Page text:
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Joining the ranks

I'm not talking about the armed forces here. No, the four million-odd people in Spain who are now out of a job. For those of us who are unaware (I can't believe anyone who lives in Spain hasn`t heard), the numbers of unemployed in Spain hit 4,612,700, or 20% of the population, in the first three months of this year. For the benefit of readers who don't live here, the word for unemployed is parado/a (pronounced "parow", rhymes with "how", if you are really andaluz and don't say your "d"s), and unemployment benefit - dole - is paro. The figures are truly shocking - 1,300,000 homes in Spain have all members of their household out of work. Andalucia is one of the worst-affected regions in the whole country (1,080,900 parados), with four provinces - half the region - among five with the highest unemployment rates nationally (Cadiz, Malaga, Almeria and Granada; the first two have over 30% unemployment). Huelva and Sevilla are also in the top ten. Only Jaen is below 20%. The mean figure for Andalucia is 27.21%, way higher than the national average, and nearly half a million people (437,800) have been looking for work for over a year. In 319,300 homes here, all household members are parado. Looking at the figures, agricultural workers are one of the least affected, with 52,000 new jobs, while industry and services each lost around 80,000, and construction was the hardest hit, with 160,000. Construction isn't surprising - there are countless half-finished buildings near us - but at least the terrible storms and endless rain earlier in the year didn't destroy all the crops. On Saturday, 1 May, Dia del Trabajador (Workers' Day), the unions had their usual demonstrations across Andalucia's major cities (including Seville, Granada and Malaga, whose province has the second-highest rate nationally) with 43,000 workers coming out onto the streets (although estimates vary wildly, as always on these occasions, depending on whether you believe the organisers - even the two unions didn't agree with each other - how andaluz! - or the police). The unions are predicting that it will reach five million soon, although the Ministra de Economía y Hacienda (our Darling), Elena Salgado, naturally denies this. The conservative newspaper, ABC, made the most of the occasion (understandably, I think they were speaking for Spaniards of all political persuasions here) when they said, "there isn't the slightest hope that the government is capable of turning the situation round, even though it insists, month after month, that the crisis has bottomed out and more jobs will the created soon." Not a typically right-ish media fan, I have to find myself agreeing with them. We're still in the tunnel, with no sign of light yet. I have a personal, vested interest in all this - my husband became one of the many at the end of February (on Friday of the Dia de Andalucia puente, with exquisite timing by his ex-employers). It wasn't unexpected as such - there had been rumours in the company for some time - but the manner of doing it (by phone), and the timing - just before a puente, and just after a pay-rise - were particularly unpleasant, I thought. He has since had problems getting his paro (hasn't received a centimo yet) due to a dispute with his ex-employer which I probably shouldn't go into as it is the subject of legal proceedings. Even if I could talk about it, I wouldn't be able to, since I can barely fathom the legal wranglings - documentation, different stages of proceedings, and terminology - myself, let alone explain it to someone else. As a well-qualified engineer, I don't doubt that he will find something else before too long, but it's not pleasant with two small children. But then, how can I complain when many other people have grown-up children still living with them, whom they have to support, and even grandchildren, or parents, as well. Yes, there's always someone worse off than you. On a cheerier note, some more positive statistics for a Monday, especially for fellow-Andalucia dwellers: a recent survey said that nine of ten Britons working abroad believe their quality of life has improved for leaving home, including a better work-life balance, and that fewer than two in ten expect that they'll even return. Let's think about this: rain, cold, stress and crowded, smelly tube full of grumpy commuters v sun, warmth, Spanish attitude and bus - hmmm...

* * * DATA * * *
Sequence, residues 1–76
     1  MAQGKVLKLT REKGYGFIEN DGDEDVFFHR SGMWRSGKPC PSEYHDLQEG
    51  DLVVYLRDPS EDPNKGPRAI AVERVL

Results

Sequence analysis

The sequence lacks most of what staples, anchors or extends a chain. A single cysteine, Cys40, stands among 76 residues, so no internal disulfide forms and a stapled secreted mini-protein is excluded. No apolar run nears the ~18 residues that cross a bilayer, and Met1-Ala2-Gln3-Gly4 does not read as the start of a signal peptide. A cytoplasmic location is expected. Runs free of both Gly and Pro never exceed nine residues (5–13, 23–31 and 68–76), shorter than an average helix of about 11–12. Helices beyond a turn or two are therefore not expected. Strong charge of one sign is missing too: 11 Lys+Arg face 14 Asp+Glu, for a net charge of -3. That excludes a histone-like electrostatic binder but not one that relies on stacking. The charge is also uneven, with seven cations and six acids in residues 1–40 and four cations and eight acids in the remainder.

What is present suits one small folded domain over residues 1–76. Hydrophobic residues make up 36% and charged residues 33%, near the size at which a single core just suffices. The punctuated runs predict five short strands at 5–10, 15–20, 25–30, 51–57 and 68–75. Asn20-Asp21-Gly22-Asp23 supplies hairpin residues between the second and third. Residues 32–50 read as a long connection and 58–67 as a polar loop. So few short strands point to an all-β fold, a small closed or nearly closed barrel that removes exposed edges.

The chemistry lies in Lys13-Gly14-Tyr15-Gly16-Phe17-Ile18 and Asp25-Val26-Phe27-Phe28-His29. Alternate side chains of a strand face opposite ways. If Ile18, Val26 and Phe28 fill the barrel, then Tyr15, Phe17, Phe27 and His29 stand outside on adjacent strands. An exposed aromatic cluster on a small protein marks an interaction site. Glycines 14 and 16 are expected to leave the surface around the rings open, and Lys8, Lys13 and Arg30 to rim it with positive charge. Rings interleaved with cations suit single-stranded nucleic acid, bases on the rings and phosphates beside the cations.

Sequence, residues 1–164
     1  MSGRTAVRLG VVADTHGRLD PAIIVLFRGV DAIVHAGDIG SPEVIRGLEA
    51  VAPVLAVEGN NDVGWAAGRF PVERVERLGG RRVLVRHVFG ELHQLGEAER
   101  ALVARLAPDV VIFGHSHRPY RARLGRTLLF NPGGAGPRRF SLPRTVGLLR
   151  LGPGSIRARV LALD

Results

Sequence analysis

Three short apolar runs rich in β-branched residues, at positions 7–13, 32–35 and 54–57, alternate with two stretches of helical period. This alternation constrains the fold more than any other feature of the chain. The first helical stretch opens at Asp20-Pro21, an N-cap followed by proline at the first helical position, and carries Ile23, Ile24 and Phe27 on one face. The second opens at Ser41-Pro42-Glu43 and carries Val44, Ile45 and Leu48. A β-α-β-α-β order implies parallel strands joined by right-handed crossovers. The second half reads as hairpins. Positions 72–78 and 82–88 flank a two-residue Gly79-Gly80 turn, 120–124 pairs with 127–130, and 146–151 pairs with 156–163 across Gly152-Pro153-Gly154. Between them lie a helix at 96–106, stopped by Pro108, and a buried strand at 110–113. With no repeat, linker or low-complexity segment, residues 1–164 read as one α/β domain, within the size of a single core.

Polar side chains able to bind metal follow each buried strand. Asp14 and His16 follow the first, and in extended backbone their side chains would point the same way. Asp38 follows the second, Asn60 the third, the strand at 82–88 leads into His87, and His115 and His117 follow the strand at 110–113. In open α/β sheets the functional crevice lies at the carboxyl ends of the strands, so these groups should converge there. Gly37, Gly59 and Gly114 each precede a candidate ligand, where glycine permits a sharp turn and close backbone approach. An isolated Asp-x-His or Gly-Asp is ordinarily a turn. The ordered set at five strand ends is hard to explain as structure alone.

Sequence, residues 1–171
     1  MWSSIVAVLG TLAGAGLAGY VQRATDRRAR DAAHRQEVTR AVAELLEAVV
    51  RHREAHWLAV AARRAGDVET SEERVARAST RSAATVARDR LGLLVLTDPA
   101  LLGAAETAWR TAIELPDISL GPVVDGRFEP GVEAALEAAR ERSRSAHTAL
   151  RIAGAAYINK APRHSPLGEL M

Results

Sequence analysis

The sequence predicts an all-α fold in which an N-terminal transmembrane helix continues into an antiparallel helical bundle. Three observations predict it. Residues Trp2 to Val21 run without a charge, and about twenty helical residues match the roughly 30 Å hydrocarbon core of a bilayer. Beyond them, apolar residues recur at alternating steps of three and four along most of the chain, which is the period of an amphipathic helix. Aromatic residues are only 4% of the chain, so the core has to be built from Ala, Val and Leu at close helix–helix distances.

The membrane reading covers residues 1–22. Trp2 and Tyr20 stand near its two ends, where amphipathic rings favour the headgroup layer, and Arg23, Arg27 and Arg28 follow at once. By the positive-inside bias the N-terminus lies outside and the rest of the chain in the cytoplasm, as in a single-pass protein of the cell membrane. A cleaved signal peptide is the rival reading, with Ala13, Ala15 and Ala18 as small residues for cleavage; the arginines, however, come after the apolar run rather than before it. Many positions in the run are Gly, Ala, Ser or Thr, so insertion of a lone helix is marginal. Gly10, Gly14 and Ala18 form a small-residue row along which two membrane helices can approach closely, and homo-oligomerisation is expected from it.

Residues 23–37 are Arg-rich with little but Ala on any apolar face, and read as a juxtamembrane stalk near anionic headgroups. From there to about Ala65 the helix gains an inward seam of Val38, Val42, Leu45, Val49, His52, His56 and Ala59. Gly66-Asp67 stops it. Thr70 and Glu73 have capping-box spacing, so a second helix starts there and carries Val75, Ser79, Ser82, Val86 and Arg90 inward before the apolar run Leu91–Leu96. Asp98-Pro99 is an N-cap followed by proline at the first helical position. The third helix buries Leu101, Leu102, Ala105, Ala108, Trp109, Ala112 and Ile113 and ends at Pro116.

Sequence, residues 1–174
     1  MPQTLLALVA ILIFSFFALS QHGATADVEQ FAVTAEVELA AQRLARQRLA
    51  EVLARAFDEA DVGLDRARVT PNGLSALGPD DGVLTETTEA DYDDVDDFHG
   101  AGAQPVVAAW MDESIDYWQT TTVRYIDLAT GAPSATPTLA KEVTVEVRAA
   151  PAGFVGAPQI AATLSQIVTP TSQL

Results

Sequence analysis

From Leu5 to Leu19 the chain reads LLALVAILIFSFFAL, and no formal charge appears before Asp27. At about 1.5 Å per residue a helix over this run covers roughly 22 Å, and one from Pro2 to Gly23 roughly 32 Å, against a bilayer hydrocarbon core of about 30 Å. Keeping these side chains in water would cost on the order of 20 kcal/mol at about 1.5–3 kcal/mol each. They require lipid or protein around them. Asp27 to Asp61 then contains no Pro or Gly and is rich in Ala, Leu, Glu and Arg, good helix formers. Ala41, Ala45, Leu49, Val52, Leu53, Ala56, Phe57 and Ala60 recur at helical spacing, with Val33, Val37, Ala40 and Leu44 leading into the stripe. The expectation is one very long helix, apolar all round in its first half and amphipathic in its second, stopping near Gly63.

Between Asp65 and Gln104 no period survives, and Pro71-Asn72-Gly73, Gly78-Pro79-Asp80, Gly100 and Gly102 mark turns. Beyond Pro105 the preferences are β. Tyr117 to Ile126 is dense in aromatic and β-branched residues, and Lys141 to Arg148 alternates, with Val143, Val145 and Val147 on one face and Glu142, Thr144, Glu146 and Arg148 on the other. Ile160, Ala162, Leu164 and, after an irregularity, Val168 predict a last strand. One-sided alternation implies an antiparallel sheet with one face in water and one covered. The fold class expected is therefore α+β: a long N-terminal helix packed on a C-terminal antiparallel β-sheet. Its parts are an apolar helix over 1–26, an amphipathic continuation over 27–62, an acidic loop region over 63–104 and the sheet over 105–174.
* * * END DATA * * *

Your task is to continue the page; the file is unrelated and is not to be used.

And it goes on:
Blog published on 3 May 2010